Feb 17, 2012

January 26-27, 1968: Eagles Auditorium, Seattle


Due to city laws prohibiting juveniles dancing and small attendance at Eagles auditorium, Boyd Grafmyre has been sponsoring concerts. People have been sitting on overcrowded floors, until last weekend.
The Dead and Quicksilver came from San Francisco, home of free souls, and they don't take laws seriously. Friday night Jerry Garcia told the audience to vote no on politics and dance. A few did and weren't stopped.
Saturday was slightly different. The Dead started their set with Love Light, a hard pounding song, in an attempt to move the audience. A few moved. In walked the license inspectors. Boyd asked the Quick to tell the audience to stop, and when they refused he explained the situation himself. We stopped. For about two songs. The inspectors left, the Dead came back on, and dancers danced. Nobody cared. Nobody really wants to stop dancing, but nobody wants to fight City Hall to change the law. So if the spirit to dance strikes you, do, in public, private, even at Eagles. But if you go to Eagles take your own toilet paper, because when that urge hits you, you will discover they don't supply it.



Friday night: the concert was easily the finest I've ever seen at the Eagle's. The Quicksilver Messenger Service took the first set, started off tight and completely together; and by the time they got into--Smokestack Lightning?--some old Howlin' Wolf anthem, I could feel my incisors vibrate. By the end of the set, they were so close that they seemed to be telepathic. The light show, by Headlights out of SF, was totally in sight, having almost the same protean cartoon quality that you sometimes get when you close your eyes during the Magic Moments.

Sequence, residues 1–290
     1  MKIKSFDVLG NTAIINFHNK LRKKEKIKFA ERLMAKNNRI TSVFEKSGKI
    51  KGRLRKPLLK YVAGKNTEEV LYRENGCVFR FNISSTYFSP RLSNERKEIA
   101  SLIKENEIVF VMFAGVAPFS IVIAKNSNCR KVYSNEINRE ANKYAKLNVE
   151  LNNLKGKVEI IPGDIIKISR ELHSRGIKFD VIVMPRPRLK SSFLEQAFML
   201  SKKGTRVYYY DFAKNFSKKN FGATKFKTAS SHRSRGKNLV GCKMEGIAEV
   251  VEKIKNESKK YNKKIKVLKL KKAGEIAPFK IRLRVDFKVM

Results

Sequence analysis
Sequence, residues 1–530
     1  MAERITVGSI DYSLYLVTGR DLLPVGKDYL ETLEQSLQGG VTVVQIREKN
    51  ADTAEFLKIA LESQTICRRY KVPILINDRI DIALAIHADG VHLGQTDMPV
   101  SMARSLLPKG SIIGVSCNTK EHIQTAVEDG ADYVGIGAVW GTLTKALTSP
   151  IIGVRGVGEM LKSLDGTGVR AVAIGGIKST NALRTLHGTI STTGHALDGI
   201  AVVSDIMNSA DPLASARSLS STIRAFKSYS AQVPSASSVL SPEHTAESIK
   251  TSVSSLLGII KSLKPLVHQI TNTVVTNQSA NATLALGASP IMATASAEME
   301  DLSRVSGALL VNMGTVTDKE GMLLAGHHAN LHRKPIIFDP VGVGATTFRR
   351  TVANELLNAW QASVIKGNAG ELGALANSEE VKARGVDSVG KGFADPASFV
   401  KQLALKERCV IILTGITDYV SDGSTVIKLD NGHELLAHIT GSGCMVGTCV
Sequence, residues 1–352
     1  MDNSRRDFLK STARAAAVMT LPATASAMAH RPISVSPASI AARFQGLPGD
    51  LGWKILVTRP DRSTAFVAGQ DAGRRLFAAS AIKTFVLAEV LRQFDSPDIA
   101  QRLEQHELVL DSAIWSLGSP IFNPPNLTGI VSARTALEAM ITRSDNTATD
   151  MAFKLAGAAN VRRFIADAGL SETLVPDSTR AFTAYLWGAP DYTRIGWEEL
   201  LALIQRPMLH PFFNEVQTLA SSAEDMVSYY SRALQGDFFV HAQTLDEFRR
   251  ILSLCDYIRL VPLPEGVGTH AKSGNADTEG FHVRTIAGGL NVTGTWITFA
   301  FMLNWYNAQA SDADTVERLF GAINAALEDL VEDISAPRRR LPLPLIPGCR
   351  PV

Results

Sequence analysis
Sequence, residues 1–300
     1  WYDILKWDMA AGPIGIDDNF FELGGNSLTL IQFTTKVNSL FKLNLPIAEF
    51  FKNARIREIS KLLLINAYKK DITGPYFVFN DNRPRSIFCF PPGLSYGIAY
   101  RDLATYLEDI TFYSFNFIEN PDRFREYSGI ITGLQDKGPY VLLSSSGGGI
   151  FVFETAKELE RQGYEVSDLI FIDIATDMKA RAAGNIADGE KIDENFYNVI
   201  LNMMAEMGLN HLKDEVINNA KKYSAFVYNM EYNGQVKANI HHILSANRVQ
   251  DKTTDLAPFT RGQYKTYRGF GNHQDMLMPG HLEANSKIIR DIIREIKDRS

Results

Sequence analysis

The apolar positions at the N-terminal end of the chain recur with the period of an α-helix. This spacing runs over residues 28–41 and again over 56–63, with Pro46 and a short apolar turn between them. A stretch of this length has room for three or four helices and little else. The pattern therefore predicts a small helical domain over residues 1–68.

The Dead's first set, though very good, was cut short when one of the two drummers put his foot (I think) through his bass drum. While Quicksilver was setting up, someone ran a very strange, funny silent movie collage--sort of a linear light show.
Throughout the evening, both the Dead and Quicksilver kept urging people to dance; but with very few exceptions everyone just sat on the floor and was subdued. Even the applause was rather mild, considering what was happening on the stage.
If more of the young people in the Puget Sound area had the opportunity to be exposed to such worthwhile music, we wouldn't have all this damn trouble with juvenile delinquents and war protestors.

Two reviews from the Seattle Helix, February 1 1968.
Scans courtesy of the JGMF blog - many thanks!


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